Everybody’s quite worked up over the Uefa-Liverpool tiff on the behavior of Liverpool supporters at the Champions League final in Athens some 2 weeks ago.
The BBC has, as usual, done a good job of collecting the quotes from all the interested parties, so for a quick refresher go read that.
To me, the situation smacks of ridiculous stands on both sides and an argument that has turned into England vs Europe quite needlessly.
We have Richard Caborn – the sports minister – rise to defend England’s honour and laying the blame at Uefa’s feet, completely ignoring the fact that regardless of security measures, it WAS Liverpool fans who caused problems at the final, not anyone else.
Uefa are not pointing fingers – they don’t need to.
However, Uefa are to blame as well. They knew what had to be done, and yet they stupidly believed that fans would behave themselves (what world are they living in?).
So we have one side who expects fans to be angels and then is disappointed when they’re not, and the other side expecting fans to be assholes who steal tickets from children (gotta love that bit, paints a very bad picture doesn’t it) and then show indignation when someone criticises that behavior (‘yea, we’re assholes, how dare you point fingers at us! Why didn’t you get your security right!?’)
Caborn did say something sensible (unlike Parry, who was bent on quoting pointless statistics to his advantage and forgot that his club’s fans were in the wrong):
“This is about finding solutions, not looking back and saying what has happened but more about how to stop this happening in the future”
English clubs need to look at how they can prevent incidents involving their fans in Europe from happening again. Manchester United and Liverpool have both been involved this season. United, you can argue, were provoked both times and Liverpool can make the same case, but the bottom line is that both sides are to blame and if English clubs want to bring about change in Europe their fans will need to behave first.
Uefa needs to pull it’s head out of it’s ass and start dealing more strictly with stadiums / clubs involved in crowd / fan violence. Roma fans were largely responsible for the trouble in the first leg of the Man Utd – Roma quarterfinal, yet the club got a minimal fine.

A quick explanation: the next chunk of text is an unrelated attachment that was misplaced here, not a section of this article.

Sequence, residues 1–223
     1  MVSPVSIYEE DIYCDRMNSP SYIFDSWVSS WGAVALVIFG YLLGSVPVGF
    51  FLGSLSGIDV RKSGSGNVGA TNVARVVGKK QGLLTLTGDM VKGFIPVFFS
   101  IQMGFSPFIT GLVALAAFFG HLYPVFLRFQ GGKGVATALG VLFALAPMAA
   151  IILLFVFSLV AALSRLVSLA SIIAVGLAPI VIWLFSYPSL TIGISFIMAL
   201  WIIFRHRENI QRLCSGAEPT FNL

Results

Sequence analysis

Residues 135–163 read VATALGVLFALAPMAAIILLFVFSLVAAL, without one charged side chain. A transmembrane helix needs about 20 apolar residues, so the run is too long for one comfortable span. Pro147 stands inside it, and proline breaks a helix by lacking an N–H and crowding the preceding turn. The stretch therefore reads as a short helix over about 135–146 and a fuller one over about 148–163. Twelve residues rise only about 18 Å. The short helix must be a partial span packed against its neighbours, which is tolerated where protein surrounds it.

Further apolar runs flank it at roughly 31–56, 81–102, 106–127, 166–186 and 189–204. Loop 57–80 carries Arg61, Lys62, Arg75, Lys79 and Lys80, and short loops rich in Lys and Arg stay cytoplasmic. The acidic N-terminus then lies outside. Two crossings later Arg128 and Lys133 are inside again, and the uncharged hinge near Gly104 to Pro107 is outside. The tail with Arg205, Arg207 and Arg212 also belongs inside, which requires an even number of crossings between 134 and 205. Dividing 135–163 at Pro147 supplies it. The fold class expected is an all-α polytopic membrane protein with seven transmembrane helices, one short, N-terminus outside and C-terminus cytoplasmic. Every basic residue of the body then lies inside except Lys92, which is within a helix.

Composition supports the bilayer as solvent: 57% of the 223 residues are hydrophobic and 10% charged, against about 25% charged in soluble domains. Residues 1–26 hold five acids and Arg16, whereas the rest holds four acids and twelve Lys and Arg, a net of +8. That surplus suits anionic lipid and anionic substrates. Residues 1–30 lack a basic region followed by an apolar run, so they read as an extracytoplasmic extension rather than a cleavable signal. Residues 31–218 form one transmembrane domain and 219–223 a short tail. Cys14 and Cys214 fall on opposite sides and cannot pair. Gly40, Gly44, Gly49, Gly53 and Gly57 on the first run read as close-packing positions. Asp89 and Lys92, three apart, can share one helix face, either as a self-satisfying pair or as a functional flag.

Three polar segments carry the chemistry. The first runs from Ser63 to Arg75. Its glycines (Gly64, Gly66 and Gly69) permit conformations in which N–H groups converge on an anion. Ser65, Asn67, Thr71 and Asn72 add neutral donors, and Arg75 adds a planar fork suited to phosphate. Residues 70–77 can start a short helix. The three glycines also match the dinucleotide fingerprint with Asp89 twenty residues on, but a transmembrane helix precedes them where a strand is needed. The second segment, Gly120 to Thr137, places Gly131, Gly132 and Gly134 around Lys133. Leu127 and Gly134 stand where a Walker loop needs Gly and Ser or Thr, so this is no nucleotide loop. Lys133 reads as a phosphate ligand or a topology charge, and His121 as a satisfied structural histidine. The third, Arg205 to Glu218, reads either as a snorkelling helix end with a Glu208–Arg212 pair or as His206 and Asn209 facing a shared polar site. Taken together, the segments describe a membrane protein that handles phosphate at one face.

Uefa also need to work with clubs and local police in preventing accidents like those at Roma, Lille, Sevilla and Athens. If European police is going to hit first and ask questions later, things will only get worse. If stadiums and match organisation is not going to prepare for extra fans and implement proper security measures, we will see more problems next season, not less.
Andy Knott (Liverpool fanzine Red All Over) spoke some sense, and some nonsense (i’m not printing the nonsense):
“It’s a culmination of everything.
The Liverpool fans weren’t innocent and a lot of them have got to have a look at themselves and take that into account.
But at the same time Uefa have got to look at it and instead of trying to give token games to people with big stadiums, they’ve got to do it in a proper way.”
17k tickets were never going to be enough. But 17k tickets weren’t the problem – unruly fans and poor organisation were to blame.
Liverpool and Uefa both must shoulder the blame, look at where they’ve gone wrong, learn from it and help football be safer for fans next season. It’s not hard to do once you commit yourself to do it and refuse to tolerate poorly-behaving fans or shoddy organisation.
And please, let’s not bring out old skeletons, shall we?
For the record, I think Liverpool fans *should* have behaved properly – excusing rowdy behavior and accepting it from the word go is disrespectful and gives people too much license – you can argue then that Roma fans were right to charge the divider and that United fans are right in acting in provocation.
And, for the record, Uefa should have done a much better job of handling this.